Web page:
Behind the State Department's charge that Iraq has used poison gas against Kurdish rebels is the growing worry that chemical weapons - a "poor country's nuclear bomb" - will spread to the Middle East, Asia and Africa.

Earlier, Iraq used mustard gas and a nerve agent to save itself from defeat in key battles against Iranian troops in the conflict now suspended by a cease-fire. Iran also used chemical weapons, though sparingly.In the Mideast, Israel, Syria and Egypt have chemical warfare capability, according to the London-based International Institute for Strategic Studies.

Libya is believed to be seeking chemical weapons. Ethiopia, victim of poison gas at the hands of Fascist Italy in the 1930s, now possesses chemical weapons of its own.

In Asia, China, Taiwan, North Korea, Vietnam and Burma are in either the "already has" or "is actively seeking" category, Rear Adm. William Studeman, chief of U.S. Naval Intelligence, told a congressional committee earlier this year.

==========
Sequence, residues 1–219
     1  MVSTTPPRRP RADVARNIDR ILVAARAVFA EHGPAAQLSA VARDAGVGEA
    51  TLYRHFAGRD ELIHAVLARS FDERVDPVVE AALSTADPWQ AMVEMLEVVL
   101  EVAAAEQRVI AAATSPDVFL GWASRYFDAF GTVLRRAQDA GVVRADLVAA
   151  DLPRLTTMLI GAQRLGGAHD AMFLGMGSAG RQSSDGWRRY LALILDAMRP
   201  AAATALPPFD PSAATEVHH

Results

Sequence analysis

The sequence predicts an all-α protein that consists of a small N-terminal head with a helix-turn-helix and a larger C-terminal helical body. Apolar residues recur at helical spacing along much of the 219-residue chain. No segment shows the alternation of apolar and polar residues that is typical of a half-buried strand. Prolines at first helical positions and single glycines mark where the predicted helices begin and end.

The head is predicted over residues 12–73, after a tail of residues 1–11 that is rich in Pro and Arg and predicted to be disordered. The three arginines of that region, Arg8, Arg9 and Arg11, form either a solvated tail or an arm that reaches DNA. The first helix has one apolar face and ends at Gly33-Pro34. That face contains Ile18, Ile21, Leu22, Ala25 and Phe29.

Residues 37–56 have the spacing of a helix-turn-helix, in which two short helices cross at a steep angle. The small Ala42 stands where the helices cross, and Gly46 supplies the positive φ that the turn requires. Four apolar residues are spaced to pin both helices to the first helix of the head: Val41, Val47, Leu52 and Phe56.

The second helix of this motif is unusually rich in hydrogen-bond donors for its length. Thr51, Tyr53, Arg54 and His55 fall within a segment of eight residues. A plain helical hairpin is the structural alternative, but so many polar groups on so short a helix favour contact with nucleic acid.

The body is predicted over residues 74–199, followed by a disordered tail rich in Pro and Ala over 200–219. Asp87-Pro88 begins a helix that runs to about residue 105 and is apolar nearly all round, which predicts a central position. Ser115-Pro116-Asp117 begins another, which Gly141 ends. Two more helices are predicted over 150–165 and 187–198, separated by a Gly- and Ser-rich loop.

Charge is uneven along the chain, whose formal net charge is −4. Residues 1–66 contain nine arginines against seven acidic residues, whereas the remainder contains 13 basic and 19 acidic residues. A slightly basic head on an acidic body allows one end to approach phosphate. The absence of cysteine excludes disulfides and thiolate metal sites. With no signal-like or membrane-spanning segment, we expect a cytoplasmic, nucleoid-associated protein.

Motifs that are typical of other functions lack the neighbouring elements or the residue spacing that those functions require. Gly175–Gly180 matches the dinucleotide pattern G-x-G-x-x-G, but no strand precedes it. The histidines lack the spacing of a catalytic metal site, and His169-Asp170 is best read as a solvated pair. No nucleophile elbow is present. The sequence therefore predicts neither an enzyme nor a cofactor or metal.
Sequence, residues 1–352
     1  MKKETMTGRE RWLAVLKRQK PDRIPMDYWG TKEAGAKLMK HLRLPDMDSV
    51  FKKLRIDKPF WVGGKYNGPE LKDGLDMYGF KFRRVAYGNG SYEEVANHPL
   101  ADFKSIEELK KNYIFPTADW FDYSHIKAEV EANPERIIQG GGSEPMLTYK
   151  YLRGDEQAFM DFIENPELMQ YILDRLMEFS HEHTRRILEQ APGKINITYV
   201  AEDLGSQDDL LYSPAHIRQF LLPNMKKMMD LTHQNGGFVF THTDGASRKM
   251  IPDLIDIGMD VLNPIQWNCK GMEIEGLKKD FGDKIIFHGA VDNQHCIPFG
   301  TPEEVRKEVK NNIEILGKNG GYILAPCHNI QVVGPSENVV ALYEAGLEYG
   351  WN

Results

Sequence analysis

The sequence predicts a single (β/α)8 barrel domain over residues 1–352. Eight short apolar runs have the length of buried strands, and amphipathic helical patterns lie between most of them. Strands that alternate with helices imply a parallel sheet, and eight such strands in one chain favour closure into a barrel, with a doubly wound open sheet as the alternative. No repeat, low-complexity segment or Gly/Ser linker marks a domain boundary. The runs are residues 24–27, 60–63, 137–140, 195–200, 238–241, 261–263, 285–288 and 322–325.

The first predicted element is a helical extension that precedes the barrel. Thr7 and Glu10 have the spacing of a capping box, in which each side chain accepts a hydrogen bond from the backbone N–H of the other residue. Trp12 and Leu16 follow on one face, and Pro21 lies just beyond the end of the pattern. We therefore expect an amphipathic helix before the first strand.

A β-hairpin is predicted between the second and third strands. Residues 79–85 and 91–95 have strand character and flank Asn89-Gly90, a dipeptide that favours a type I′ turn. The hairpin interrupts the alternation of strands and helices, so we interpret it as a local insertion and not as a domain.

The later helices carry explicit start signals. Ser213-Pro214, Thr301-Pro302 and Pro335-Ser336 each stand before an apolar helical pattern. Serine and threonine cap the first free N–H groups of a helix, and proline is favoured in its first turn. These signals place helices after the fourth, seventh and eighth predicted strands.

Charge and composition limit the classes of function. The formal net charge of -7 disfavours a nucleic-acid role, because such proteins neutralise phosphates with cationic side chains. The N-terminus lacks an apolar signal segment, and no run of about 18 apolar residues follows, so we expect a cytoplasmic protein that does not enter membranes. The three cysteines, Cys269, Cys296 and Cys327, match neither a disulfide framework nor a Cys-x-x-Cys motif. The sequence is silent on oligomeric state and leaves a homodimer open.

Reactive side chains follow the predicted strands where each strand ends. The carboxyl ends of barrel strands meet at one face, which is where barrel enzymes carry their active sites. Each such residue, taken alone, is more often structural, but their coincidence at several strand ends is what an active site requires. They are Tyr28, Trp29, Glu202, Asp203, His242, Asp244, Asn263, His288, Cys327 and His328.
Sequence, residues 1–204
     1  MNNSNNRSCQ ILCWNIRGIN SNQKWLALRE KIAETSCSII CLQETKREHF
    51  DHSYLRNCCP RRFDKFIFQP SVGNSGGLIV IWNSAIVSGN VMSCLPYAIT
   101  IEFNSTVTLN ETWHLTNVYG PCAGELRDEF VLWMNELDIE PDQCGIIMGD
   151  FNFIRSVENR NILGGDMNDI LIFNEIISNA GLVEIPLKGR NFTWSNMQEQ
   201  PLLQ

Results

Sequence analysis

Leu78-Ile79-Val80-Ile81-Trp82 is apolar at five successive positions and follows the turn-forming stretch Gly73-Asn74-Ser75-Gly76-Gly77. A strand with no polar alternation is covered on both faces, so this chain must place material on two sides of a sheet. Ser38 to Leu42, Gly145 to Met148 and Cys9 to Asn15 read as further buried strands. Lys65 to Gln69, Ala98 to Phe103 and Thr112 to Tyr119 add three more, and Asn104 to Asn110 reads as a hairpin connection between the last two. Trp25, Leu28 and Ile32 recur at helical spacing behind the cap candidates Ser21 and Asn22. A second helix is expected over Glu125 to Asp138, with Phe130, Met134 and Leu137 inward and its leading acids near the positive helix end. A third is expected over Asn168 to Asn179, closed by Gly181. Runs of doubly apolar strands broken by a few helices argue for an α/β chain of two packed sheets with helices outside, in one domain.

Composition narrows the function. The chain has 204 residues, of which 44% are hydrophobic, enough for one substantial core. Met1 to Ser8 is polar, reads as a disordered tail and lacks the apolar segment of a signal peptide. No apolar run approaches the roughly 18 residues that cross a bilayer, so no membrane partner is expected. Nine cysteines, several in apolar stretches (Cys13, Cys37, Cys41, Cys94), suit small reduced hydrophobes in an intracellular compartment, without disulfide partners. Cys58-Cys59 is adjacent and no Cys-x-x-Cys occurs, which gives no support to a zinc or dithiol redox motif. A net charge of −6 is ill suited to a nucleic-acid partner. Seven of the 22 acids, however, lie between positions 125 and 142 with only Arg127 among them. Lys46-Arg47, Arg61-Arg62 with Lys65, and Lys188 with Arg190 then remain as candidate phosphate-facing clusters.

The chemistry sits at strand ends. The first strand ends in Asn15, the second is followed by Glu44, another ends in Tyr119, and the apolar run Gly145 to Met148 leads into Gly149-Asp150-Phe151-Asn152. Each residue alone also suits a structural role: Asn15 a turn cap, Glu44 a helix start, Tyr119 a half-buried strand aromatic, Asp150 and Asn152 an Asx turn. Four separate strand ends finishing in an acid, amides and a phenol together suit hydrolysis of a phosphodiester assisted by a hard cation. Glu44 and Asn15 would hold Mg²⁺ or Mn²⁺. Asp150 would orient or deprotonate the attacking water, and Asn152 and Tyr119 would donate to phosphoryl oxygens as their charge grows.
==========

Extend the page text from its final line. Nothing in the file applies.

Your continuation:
Studeman said the number of nations with chemical weapons has risen sharply in the 1980s. While building a nuclear bomb requires plenty of money, skill and time, chemical weapons can be produced cheaply and quickly. Medium-range ballistic missiles can provide swift and reasonably accurate delivery.

Reacting to the horrors of mustard gas and other horrible killers in World War I, the Western powers in 1925 adopted the Geneva Protocol prohibiting the use of chemical weapons - but not their manufacture and possession.

The Geneva rule held up during World War II and afterward. In 1981, however, the United States charged that "yellow rain" caused by chemical weapons supplied by the Soviet Union to its allies in Laos and Cambodia caused deaths and injuries.

More convincing was evidence of chemical weapon attacks by Soviet troops in Afghanistan in 1982 that caused more than 300 deaths, the United States charged. Moscow dropped the practice.

Only three countries admit to producing chemical weapons. The United States resumed production last year after an 18-year moratorium. The USSR only last year acknowledged having a chemical weapons arsenal. France makes no bones about its chemical weapons.